Base Price: $61,000

Price as tested: $61,920

This week, we're driving Hyundai's upgraded luxury 2014 Equus Signature sedan, with "Equus" standing for the Latin word horse. Introduced in 2011 to American markets, Equus extols opulence in a "rethink everything you know about luxury" slogan in hopes of attracting the luxury class consumer. Current print and television advertising centers on "what kind of car is…? (that), with movie star Jeff Bridges delivering his most impressive voice overs, something he's been doing successfully for years.

Although the Equus branding effort continues to be a complicated one, Hyundai is successfully establishing both its core philosophy of lower price cars for buyers of all economic classes, including the sometimes very finicky upper level buyer. Hyundai will continue to experience similar growth pains Japan's Acura (Honda), Lexus (Toyota) and Infiniti (Nissan) did, although to date Equus is successfully impacting the market and looks for future luxury class sales growth.

As for the car, Equus is a most impressive effort as our week of driving included numerous business and local trips. The exterior is enhanced for 2014 thanks to a new grille and bumper layout, along with the addition HID headlights, LED turn-signal indicators, improved fog lights and revised LED tail lamps. Also new for 2014 are BlueLink telematics and blind-spot rear cross-traffic alert systems. The motif is highlighted by 19-inch multi-spoke alloy wheels, making for a luxury and performance statement that is both soothing to the eye and exciting when your drive it.

Our Equus had zero options on the window sticker, meaning when you pay $61K for an Equus, everything a luxury consumer demands and then some comes with the deal.

Without going into every amenity listed (it would take this whole column), Equus owners will enjoy beautiful leather seating, lane departure warning system, 100,000-mile powertrain warranty, pre-collision warning system, nine air bags, 4-wheel disc ABS traction control brakes, smart cruise control with automatic braking, rear safety back-up camera, wood trim interior, Lexicon 17-speaker 7.1 discrete surround sound DVD/Stereo system with navigation on a 9.2 inch screen along with numerous other bells and whistles.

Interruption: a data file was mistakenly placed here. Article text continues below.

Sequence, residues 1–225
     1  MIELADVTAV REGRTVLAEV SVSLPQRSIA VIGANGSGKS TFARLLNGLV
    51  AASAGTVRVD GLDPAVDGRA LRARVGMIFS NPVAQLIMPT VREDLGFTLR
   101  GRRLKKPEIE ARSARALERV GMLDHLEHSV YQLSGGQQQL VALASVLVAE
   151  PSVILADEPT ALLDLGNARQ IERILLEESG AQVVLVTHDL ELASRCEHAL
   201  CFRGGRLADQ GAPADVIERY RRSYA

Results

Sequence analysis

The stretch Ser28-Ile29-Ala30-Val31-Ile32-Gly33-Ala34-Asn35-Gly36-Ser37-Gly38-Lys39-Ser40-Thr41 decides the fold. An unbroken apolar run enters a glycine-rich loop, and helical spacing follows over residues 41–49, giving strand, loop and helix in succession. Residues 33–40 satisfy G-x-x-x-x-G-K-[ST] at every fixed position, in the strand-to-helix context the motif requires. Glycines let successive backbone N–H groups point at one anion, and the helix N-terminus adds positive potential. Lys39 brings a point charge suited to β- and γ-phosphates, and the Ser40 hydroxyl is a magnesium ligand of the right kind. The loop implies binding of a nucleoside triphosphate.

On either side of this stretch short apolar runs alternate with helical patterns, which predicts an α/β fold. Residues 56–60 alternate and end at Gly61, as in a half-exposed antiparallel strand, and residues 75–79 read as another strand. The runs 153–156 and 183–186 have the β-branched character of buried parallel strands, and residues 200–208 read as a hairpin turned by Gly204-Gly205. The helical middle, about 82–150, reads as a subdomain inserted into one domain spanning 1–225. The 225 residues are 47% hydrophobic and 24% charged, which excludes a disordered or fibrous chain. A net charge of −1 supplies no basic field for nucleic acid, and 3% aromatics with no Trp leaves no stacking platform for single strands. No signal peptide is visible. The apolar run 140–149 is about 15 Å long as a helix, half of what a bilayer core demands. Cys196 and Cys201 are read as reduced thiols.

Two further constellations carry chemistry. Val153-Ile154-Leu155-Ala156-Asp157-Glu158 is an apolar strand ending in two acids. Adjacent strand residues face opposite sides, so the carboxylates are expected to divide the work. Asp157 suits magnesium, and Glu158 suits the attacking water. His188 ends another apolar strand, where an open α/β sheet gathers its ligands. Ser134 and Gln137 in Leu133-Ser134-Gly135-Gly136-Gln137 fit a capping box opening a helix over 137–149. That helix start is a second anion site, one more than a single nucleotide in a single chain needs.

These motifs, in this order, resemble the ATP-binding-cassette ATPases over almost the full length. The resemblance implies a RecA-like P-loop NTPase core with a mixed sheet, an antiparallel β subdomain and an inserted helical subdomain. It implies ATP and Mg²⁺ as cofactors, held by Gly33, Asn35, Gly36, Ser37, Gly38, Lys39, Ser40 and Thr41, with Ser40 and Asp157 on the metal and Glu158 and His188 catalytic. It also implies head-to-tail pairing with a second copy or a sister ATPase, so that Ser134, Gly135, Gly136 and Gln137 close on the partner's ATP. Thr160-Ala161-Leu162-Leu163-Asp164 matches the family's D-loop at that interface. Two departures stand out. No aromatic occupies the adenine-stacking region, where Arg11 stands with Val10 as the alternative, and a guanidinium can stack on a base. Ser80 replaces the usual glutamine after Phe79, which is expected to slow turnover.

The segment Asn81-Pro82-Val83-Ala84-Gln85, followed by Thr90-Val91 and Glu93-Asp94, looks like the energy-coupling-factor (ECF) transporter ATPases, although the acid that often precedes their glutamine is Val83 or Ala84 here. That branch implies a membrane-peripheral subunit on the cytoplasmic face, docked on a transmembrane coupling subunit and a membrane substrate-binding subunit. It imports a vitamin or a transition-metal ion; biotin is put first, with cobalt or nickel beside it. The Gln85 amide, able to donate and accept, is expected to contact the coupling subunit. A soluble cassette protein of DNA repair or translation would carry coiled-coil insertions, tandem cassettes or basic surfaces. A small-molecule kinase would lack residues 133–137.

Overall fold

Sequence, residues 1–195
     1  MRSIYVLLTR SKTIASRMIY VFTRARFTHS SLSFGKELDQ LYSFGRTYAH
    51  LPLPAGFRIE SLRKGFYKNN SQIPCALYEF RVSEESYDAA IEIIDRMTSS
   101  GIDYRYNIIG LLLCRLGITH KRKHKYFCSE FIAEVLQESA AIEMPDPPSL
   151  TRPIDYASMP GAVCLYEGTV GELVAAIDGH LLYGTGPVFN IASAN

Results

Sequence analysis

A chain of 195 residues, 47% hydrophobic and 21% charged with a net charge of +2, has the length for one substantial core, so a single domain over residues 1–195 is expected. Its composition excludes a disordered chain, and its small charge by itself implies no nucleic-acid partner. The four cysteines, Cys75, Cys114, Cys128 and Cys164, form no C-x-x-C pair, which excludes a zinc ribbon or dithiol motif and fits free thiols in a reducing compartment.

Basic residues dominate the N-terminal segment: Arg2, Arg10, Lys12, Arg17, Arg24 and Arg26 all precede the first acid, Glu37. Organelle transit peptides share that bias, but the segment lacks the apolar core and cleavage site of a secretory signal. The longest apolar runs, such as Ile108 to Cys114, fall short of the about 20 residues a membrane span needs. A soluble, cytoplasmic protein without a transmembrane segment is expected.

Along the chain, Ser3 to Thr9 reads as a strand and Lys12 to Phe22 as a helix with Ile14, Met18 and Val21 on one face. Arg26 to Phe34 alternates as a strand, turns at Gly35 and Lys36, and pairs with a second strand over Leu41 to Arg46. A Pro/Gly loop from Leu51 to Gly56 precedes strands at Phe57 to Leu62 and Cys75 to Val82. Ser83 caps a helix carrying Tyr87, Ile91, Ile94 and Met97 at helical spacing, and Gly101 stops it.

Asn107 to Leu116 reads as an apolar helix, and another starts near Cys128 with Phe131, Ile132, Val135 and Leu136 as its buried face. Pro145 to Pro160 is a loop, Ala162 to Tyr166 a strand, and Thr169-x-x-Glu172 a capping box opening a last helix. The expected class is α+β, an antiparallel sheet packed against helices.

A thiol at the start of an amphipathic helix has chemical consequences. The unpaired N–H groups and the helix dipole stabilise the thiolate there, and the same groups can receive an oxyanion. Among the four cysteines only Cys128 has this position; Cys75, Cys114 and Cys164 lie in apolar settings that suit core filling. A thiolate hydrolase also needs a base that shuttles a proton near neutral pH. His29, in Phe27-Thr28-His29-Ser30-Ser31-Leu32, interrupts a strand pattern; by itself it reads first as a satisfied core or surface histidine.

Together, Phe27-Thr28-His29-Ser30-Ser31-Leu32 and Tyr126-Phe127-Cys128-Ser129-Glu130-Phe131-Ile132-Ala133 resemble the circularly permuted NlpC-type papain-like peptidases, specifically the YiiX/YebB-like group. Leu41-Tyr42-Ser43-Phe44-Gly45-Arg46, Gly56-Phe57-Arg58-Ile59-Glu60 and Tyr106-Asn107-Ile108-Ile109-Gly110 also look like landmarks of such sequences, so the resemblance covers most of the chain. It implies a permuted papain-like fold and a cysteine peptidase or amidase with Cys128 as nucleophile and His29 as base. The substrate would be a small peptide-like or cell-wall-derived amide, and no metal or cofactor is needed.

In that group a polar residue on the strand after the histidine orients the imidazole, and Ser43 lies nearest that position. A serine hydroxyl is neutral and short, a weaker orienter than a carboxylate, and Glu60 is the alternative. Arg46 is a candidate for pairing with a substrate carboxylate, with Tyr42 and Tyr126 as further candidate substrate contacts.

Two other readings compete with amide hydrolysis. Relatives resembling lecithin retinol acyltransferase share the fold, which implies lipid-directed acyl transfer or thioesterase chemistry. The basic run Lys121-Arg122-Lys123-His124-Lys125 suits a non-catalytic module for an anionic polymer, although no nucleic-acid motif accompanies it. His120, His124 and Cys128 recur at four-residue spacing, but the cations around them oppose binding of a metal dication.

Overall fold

Under the hood, Equus now features a larger 5.0 liter, 429 horse V8 that replaces the 4.6 liter, 385-horse V8 that powered Equus in 2011. Additionally, an 8-speed automatic replaces the original 6-speed automatic resulting in 23 mpg highway and just one less than the 24 mpg the 385-horse, 6-speed automatic delivered. The ride is quiet and sure footed thanks to an electric air suspension dual mode continuous damping control setup that allows traction administration via its rear drive setup. As for acceleration, the 5.0 V8 delivers 376 lb. ft. of torque, up 43 lb. ft. versus the 4.6 engine and is able to motive Equus to 60-mph in less than six seconds.

"Test Drive" especially likes the expansive power reclining rear seats, which offer more than enough room for taller adults to sit in comfort. If just four adults are traveling, a nice rear console folds down with specific stereo and climate controls.

In ending, we applaud Hyundai for building a wonderful example of top class luxury car that lists for way less than the competitors. As noted in previous reviews, comparing Equus to the most expensive BMW, Cadillac, Mercedes-Benz, Audi, Jaguar, Lexus, Acura and Acura finds this car as an alternative that will allow many other things, from top class home theater to an in ground pool.

Important numbers include a wheelbase of 119.9 inches, 16.7 cu. ft. of cargo space, 4,553 lb. curb weight, 20.3 gallon fuel tank, 15 city and 23 highway EPA and a 37.7 turning circle.

Some consumers will surely turn their noses up at Equus because of the Hyundai badge, but the smart shopper looking for the very best and desiring a bit of anonymity will no doubt test drive an Equus because it's definitely first-class.

Likes: Power, interior, warranty, looks, amenities.

Dislikes: No all wheel drive, city MPG.

(Greg Zyla is a syndicated auto columnist)